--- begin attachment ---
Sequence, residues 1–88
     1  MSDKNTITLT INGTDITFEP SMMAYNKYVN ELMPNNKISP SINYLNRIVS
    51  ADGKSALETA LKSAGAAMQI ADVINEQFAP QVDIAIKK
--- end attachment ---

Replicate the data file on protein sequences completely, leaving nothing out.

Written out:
Sequence, residues 1–88
     1  MSDKNTITLT INGTDITFEP SMMAYNKYVN ELMPNNKISP SINYLNRIVS
    51  ADGKSALETA LKSAGAAMQI ADVINEQFAP QVDIAIKK